Genes that protect health with Dr. Nir Barzilai

Genes that protect health with Dr. Nir Barzilai

Centenarians essentially won the genetic lottery, says Nir Barzilai of Albert Einstein College of Medicine. He is studying their genes to see how the rest of us can benefit from understanding how they work.

In today’s podcast episode, I talk with Nir Barzilai, a geroscientist, which means he studies the biology of aging. Barzilai directs the Institute for Aging Research at the Albert Einstein College of Medicine.

My first question for Dr. Barzilai was: why do we age? And is there anything to be done about it? His answers were encouraging. We can’t live forever, but we have some control over the process, as he argues in his book, Age Later.

Dr. Barzilai told me that centenarians differ from the rest of us because they have unique gene mutations that help them stay healthy longer. For most of us, the words “gene mutations” spell trouble - we associate these words with cancer or neurodegenerative diseases, but apparently not all mutations are bad.

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Lina Zeldovich

Lina Zeldovich has written about science, medicine and technology for Popular Science, Smithsonian, National Geographic, Scientific American, Reader’s Digest, the New York Times and other major national and international publications. A Columbia J-School alumna, she has won several awards for her stories, including the ASJA Crisis Coverage Award for Covid reporting, and has been a contributing editor at Nautilus Magazine. In 2021, Zeldovich released her first book, The Other Dark Matter, published by the University of Chicago Press, about the science and business of turning waste into wealth and health. You can find her on http://linazeldovich.com/ and @linazeldovich.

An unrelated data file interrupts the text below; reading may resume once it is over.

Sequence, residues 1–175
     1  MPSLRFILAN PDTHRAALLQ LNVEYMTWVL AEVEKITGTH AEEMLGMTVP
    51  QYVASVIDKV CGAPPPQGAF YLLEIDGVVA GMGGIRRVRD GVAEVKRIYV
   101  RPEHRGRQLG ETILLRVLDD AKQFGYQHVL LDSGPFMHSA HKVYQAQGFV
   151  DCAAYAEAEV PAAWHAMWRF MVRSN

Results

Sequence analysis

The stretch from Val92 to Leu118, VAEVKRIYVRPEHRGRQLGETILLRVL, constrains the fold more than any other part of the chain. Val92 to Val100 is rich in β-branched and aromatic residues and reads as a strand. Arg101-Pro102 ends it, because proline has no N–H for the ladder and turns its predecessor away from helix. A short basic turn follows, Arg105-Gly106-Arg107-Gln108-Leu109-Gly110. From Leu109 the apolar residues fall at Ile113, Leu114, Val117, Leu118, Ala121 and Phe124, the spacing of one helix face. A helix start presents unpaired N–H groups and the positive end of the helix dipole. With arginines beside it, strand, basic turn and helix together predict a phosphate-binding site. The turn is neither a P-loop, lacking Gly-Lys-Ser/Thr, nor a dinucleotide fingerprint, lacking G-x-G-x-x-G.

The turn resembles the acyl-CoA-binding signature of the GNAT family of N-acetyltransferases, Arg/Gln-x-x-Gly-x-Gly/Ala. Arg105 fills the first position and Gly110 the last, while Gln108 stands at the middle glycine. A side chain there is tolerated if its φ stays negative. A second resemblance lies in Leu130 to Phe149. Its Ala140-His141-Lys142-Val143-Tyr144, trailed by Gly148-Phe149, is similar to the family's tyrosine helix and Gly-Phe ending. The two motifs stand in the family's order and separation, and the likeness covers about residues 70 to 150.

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Luke Chesser - Unsplash

Today’s podcast guest is Rosalind Picard, a researcher, inventor named on over 100 patents, entrepreneur, author, professor and engineer. When it comes to the science related to endowing computer software with emotional intelligence, she wrote the book. It’s published by MIT Press and called Affective Computing.

Dr. Picard is founder and director of the MIT Media Lab’s Affective Computing Research Group. Her research and engineering contributions have been recognized internationally. For example, she received the 2022 International Lombardy Prize for Computer Science Research, considered by many to be the Nobel prize in computer science.

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Matt Fuchs
Matt Fuchs is the host of the Making Sense of Science podcast and served previously as the editor-in-chief of Leaps.org. He writes as a contributor to the Washington Post, and his articles have also appeared in the New York Times, WIRED, Nautilus Magazine, Fortune Magazine and TIME Magazine. Follow him @fuchswriter.
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Sarah Watts

Sarah Watts is a health and science writer based in Chicago.